October 12, 2009
Bees and Socialization: Altruism at Work
The National Institute of Mental Health (NIMH) interviewed Dr. Gene Robinson about his recent research on bees and socialization and asks these questions: What is the most altruistic animal? What can we learn from the small, but complex bees?
Introduction: Welcome to "Speaking of Science." The National Institute of Mental Health presents a series of conversations with innovative researchers working in a wide range of disciplines to pave the way for the prevention, recovery, and cure of mental illness.
Dr. Wang: Good morning. Dr. Robinson, thank you. It's a pleasure to have you here for NIMH Director's Innovation Speaker Series and I'd just like to introduce you. His groundbreaking on the regulation of social behavior using honeybees spans and integrates a wide range of disciplines: neuroscience, genomics, molecular biology, behavior and evolutionary biology. And what I found most remarkable is that you somehow managed to find a time to mentor well over a hundred junior faculty, post docs, graduate and undergraduate students. It's really quite remarkable. So welcome. It's really a pleasure for us.
Dr. Robinson: Thank you. It's a pleasure to be here.
Dr. Wang: Why did you choose honeybees, and why did you choose particular species?
Dr. Robinson: Well honeybees are an excellent species for these kinds of studies of genes, brains, and social behavior, because they have been the best-studied social insect. The reason for that is that they have provided humans with products that humans value. So honeybees have provided honey, and honey is the world's oldest sweetener. People have been paying attention to honeybees for a long time. There's a tremendous amount known of the behavior of honeybees. That knowledge then forms the foundation for our research program. So we know how bees behave in a variety of different circumstances, because it's been important to people for very pragmatic reasons to know that. That's also led them, of course, to a bee keeping industry. And in the beekeeping industry, they have developed techniques of manipulation that we can then use in our scientific enterprise, such as for example instrumentally inseminating queens to be able to control genetics, a great tool that we have queens to be able to control genetics, a great tool that we have that is not available for other social insects.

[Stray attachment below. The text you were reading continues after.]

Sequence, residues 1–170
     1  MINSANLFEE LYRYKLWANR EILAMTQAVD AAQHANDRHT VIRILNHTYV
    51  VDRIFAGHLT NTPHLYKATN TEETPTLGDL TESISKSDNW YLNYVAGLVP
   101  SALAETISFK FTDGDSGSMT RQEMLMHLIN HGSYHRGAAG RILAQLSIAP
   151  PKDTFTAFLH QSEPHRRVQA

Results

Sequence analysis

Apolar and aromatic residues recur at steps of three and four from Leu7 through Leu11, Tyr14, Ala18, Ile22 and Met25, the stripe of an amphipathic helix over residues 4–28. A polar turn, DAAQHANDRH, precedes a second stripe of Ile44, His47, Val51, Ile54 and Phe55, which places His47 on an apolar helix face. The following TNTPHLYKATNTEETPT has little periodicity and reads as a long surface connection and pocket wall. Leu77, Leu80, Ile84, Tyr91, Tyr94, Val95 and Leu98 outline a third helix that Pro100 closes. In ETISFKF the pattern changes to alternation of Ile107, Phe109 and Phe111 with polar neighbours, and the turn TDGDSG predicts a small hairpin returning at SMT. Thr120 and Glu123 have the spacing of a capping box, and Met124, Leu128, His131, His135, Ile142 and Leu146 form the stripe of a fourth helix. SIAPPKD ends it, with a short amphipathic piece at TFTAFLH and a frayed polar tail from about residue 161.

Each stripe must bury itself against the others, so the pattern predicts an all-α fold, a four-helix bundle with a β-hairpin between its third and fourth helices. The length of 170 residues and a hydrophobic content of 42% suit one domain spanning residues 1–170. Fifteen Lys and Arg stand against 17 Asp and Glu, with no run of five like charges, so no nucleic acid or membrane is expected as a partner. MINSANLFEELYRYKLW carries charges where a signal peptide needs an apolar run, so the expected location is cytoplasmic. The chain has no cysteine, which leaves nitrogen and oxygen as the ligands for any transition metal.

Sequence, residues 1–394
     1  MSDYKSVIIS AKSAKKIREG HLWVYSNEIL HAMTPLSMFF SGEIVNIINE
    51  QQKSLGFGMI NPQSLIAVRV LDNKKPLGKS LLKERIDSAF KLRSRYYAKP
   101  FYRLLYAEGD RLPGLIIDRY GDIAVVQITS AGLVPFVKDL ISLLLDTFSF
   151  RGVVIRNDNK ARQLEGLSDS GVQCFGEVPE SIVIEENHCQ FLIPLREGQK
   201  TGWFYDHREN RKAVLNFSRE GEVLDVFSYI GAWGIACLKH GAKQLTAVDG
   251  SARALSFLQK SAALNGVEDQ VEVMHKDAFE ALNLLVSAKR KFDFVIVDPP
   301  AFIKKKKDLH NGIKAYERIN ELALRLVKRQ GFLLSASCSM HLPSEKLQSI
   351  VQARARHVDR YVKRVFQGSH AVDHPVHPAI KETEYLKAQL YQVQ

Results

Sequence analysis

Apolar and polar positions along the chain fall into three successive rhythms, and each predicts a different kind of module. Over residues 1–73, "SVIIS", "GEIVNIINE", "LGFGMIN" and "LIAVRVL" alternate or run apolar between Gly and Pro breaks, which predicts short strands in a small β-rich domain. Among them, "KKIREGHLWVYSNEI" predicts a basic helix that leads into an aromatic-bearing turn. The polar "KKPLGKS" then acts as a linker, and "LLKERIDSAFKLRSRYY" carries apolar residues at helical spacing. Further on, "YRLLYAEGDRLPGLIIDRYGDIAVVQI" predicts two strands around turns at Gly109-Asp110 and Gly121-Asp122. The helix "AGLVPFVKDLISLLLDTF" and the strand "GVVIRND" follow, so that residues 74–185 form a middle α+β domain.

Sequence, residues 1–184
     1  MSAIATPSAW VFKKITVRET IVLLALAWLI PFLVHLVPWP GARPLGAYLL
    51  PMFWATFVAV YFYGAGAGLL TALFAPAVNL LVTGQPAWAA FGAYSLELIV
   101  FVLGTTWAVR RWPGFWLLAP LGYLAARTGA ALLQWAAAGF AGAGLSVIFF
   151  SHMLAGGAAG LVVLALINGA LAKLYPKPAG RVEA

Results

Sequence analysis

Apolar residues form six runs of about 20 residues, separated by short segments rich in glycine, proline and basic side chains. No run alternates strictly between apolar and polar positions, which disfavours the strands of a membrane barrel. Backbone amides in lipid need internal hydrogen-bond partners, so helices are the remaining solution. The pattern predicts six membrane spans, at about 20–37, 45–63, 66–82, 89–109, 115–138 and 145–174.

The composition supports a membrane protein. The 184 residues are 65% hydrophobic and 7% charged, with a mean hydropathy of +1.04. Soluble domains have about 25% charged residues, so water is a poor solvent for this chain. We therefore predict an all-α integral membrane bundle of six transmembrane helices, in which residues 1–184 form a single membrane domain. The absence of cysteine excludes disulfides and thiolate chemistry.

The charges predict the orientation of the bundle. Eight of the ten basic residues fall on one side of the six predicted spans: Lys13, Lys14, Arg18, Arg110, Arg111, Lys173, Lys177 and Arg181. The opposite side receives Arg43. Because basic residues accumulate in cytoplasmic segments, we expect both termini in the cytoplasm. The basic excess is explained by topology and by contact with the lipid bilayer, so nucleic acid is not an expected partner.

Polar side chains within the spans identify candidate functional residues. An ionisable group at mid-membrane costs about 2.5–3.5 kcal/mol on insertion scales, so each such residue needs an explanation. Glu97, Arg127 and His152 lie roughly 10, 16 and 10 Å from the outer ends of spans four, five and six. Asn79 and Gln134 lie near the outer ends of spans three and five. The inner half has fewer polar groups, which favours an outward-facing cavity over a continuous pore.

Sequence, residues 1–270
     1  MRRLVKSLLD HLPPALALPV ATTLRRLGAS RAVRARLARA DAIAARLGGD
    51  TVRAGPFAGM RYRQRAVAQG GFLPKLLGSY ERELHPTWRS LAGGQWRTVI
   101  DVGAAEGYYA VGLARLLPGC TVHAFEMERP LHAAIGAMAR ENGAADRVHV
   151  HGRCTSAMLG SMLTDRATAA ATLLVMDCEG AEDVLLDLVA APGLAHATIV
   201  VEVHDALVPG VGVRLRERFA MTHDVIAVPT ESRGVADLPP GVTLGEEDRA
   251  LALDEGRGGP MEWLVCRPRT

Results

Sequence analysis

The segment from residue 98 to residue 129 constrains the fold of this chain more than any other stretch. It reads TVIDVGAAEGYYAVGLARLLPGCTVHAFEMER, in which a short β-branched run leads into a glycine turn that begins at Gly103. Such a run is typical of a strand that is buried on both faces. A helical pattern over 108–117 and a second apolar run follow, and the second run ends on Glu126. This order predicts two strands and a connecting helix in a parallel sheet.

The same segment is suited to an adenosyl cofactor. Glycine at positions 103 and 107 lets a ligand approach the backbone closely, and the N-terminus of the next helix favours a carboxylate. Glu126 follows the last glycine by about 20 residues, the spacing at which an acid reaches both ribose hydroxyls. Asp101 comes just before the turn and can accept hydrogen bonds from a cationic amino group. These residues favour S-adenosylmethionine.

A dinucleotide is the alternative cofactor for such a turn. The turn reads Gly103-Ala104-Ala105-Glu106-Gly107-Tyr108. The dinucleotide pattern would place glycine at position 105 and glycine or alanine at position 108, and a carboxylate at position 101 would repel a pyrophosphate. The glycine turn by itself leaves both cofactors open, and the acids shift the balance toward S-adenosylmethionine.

Dr. Wang: In broad terms, what are we learning?
Dr. Robinson: Well, in broad terms I think we two insights so far. First of all that the genome is very responsive to the social environment. When we experimentally perturb the social environment in ways that are biologically natural, we see strong responses on the part of the genome in neurons in particular brain regions. So the genome is very responsive to changes in the social environment is the first insight. And this insight by the way now has been seen in a variety of other animals, vertebrate animals, and there are strong indications of that it's humans as well. And then the second insight is more of an evolutionary one. And that is that social behavior, which arguably has evolved later than many forms of solitary behavior, or in evolutionary terms it's more derived relative to solitary behavior, that various forms of social behavior have evolved by changing the functions of some genes that are involved in solitary behavior.
Dr. Wang: What about bees' orientation flights? I'm particularly intrigued by those. How do they relate to bees and learning, and what does this tell us about human memory and learning?